You Can Own These 11 Wild Animals as Pets With a Free Permit in Florida


Florida approves quite a few wild animals that are largely banned in other states to be owned as personal pets for no logical reason. However, some of these animals require permits, most of which are obtainable at no cost.

Florida divides wild animals as personal pets into three classes: Class I wildlife, Class II wildlife, and Class III wildlife based on the real or potential threat they pose to the public. The eleven animals on this list fall under Class III wildlife. Class III wild animals are legal to keep as pets with a permit you can obtain for free.

However, before you are issued a Class III permit, you will answer a few basic questions about the particular animal you would like to own and how you plan to care for it. In addition, you are to be at least 16 years of age and live in a permanent residence in Florida. The duration of the Class III permit is two years. It is, however, worth noting that the permit does not cover taking a pet in public. If you wish to take your pet outside of the home, you are to apply for a license for exhibition instead of the Class III Personal Pet No-Cost Permit (PPNC).

1. Raccoons

Tito the pet raccoon

One of the few US states that issues permits and allows people to own raccoons as personal pets is Florida. According to WebMd, these well-known rabies vectors can be domesticated and trained to become affectionate. Known for the mask-like markings on their faces, raccoons are cute are intelligent little animals. On average, a raccoon can live up to five years in the wild. However, as a pet, a raccoon can survive well past a decade if given the needed care. Tito the raccoon, is considered the most popular pet raccoon on the internet with virtually 250K followers on Instagram alone. The adorable pet and its owner, Mitchell, live in South Carolina.

2. Lemurs

Pet Lemurs are legal is Florida

Lemurs are one of the Class III species that require a permit in the Sunshine State. Like any wild animal, lemurs hold fast to their wild instincts. In addition, they are better off staying in groups due to their social nature. But the good news is that lemurs are happy to adapt to home life. According to many people who have owned them as pets, these creatures are expensive to properly care for and training them necessarily takes a lot of time. It's also worth noting that lemurs are stinky and don't always obey their owners.

3. Foxes

Pet Fox

Florida Wildlife Commission list all foxes under Class III Wildlife. According to multiple sources, foxes rarely attack humans as they naturally tend is to run from humans rather than attack or fight them. Nevertheless, they are to be treated with caution. On average, foxes can live up to 4 years in the wild. However, in captivity, foxes can live up to 14 years.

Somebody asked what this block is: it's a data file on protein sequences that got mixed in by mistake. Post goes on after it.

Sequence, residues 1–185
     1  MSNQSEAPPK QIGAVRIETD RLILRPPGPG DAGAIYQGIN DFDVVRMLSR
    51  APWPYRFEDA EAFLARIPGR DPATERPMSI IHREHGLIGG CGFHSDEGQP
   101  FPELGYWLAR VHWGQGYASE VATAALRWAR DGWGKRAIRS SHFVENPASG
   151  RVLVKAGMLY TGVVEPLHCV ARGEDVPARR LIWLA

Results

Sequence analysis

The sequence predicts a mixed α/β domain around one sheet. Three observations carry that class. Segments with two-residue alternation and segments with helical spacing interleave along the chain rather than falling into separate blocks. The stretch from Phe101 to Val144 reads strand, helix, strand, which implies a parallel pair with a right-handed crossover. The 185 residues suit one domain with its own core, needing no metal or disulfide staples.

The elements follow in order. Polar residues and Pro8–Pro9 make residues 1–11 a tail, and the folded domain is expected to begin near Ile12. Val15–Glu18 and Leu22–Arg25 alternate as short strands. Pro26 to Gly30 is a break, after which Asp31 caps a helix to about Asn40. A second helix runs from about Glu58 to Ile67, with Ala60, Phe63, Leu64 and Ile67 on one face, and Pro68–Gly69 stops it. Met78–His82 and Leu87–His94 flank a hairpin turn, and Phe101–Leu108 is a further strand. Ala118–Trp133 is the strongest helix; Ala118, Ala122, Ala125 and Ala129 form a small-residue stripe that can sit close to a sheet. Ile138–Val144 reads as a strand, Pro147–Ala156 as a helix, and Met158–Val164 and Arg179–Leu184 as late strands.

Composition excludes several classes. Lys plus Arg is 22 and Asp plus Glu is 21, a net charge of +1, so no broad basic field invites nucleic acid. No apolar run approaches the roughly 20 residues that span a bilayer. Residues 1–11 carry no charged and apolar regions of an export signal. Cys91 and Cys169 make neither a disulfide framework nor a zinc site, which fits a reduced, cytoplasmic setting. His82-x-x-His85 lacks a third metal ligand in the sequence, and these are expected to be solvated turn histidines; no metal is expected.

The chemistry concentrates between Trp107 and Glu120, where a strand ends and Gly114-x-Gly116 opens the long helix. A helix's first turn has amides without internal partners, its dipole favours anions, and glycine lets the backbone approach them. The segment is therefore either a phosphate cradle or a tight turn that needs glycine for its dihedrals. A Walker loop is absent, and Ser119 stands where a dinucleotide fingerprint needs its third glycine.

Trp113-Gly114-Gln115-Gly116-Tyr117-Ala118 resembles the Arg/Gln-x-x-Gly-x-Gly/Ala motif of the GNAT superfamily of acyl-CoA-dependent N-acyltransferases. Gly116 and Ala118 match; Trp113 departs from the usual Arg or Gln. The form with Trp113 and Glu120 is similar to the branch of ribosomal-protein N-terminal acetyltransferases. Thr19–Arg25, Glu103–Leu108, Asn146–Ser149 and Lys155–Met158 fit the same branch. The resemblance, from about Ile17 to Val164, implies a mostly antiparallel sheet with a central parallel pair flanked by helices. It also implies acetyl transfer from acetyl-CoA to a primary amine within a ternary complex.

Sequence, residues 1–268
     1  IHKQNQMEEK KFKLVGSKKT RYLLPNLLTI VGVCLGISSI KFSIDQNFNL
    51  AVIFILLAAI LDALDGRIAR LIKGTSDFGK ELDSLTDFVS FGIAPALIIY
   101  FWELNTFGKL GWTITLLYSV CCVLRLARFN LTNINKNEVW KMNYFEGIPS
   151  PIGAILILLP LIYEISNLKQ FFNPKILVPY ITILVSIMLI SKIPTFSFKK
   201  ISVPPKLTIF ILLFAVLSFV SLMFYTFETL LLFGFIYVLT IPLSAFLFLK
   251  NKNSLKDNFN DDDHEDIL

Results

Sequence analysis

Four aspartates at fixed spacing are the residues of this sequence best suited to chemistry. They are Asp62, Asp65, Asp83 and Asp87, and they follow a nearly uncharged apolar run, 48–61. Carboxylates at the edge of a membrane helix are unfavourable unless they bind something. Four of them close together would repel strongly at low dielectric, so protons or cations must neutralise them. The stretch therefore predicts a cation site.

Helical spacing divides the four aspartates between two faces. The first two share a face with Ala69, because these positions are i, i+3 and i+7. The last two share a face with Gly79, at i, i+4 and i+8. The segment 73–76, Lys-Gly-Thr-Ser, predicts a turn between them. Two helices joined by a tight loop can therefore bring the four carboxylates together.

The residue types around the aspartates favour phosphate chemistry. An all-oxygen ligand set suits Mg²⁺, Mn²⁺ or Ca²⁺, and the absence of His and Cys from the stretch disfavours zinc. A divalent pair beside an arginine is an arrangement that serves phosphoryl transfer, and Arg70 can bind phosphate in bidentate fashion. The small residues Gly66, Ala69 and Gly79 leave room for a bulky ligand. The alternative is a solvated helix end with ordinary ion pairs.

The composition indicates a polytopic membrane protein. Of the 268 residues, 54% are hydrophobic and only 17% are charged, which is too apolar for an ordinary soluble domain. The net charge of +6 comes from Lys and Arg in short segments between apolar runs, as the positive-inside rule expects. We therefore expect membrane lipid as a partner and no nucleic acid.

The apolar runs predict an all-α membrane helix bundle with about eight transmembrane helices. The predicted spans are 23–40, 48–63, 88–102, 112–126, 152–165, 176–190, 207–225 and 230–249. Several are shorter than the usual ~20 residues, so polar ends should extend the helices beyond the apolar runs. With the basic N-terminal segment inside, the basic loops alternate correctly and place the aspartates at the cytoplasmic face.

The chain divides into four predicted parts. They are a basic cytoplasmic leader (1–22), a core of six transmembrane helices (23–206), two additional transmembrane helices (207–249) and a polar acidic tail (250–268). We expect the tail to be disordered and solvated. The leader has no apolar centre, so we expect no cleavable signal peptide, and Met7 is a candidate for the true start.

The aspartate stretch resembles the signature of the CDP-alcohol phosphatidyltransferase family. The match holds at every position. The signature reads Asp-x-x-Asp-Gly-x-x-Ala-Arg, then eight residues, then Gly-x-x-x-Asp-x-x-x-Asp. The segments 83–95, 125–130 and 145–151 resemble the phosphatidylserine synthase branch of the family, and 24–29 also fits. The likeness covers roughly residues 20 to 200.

4. Opossums

Pet Opossum

When it comes to owning a wildlife pet, opossums do not usually come to most people's minds. Sometimes, people find these cute animals abandoned and consider raising them as pets. Over the past few years, many people have been keeping short-tailed opossums as exotic pets. According to some owners, opossums are very small, friendly creatures that can be a great choice for beginners. In addition, these cute little animals have easy care requirements. On average, opossums can live up to 2 years in the wild and up to 4 years in captivity.

5. Capuchin monkeys

Capuchin monkey

These New World monkeys are famous for their appearance in many movies and tv shows. A capuchin monkey has a lifespan of 15 – 25 years in the wild. However, wildlife experts are adamant that capuchins can not make great pets even though they are deemed the most intelligent New World monkeys. Nevertheless, many people love having them as pets because of their small size and cute appearance. In addition to Capuchin monkeys, you can also obtain a permit for spider monkeys, marmosets, and tamarins in Florida.

7. Skunks

Wild Skunk

The life expectancy of a pet skunk is 15 years. When domesticated, skunks are known to be loving, and affectionate. As social animals, these non-stinky and cute animals can make great companions as they love playing with their owners. Furthermore, skunks are endearing and pleasant to cuddle. Skunks make good pets.

8. Kinkajous


Kinkajous have a lifespan of up to 23 years in captivity. Although they are known to be aggressive toward their owners when startled, Kinkajous can make good pets, depending on how well they are handled.

9. Coatis


Coatis or Coatimundis are known to be pretty friendly and affectionate when kept as pets. Coatimundis' typical lifespan in the wild is 8 years. However, in captivity, they can live up to 16 years. They are intelligent and easy to care for. Furthermore, Coatimundis are known to be very playful and can get along with your cats and dogs. However, a bored coatimundi can be destructive and aggressive.

10. Wallabies

Albino Wallaby

Wallabies have a lifespan of 15 years both in the wild and in captivity and can legally be owned as personal pets in Florida. While they can be trained to live indoors, wallabies are not encouraged as domestic pets because they are deemed destructive.

11. Zebras


Zebras can be legally owned as personal pets in Florida. However, Zebras don't fit the criteria for domestication because they are unpredictable and not people-friendly. In addition, Zebras there are many accounts of Zebras kicking each other to death and even biting any human that comes too close.

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